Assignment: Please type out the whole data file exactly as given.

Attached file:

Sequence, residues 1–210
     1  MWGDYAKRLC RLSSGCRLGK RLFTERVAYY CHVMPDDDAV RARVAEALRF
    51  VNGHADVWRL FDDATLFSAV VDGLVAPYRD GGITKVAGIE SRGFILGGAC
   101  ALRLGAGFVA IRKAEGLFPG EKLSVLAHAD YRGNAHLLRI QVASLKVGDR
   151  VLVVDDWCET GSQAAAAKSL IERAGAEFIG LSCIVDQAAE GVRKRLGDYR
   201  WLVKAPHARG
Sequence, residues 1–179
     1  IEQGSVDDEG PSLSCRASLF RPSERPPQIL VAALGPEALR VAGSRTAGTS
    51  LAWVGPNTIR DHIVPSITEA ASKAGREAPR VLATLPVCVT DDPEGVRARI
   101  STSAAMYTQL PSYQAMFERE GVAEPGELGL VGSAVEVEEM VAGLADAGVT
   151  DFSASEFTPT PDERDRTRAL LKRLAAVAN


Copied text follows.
Sequence, residues 1–210
     1  MWGDYAKRLC RLSSGCRLGK RLFTERVAYY CHVMPDDDAV RARVAEALRF
    51  VNGHADVWRL FDDATLFSAV VDGLVAPYRD GGITKVAGIE SRGFILGGAC
   101  ALRLGAGFVA IRKAEGLFPG EKLSVLAHAD YRGNAHLLRI QVASLKVGDR
   151  VLVVDDWCET GSQAAAAKSL IERAGAEFIG LSCIVDQAAE GVRKRLGDYR
   201  WLVKAPHARG
Sequence, residues 1–179
     1  IEQGSVDDEG PSLSCRASLF RPSERPPQIL VAALGPEALR VAGSRTAGTS
    51  LAWVGPNTIR DHIVPSITEA ASKAGREAPR VLATLPVCVT DDPEGVRARI
   101  STSAAMYTQL PSYQAMFERE GVAEPGELGL VGSAVEVEEM VAGLADAGVT
   151  DFSASEFTPT PDERDRTRAL LKRLAAVAN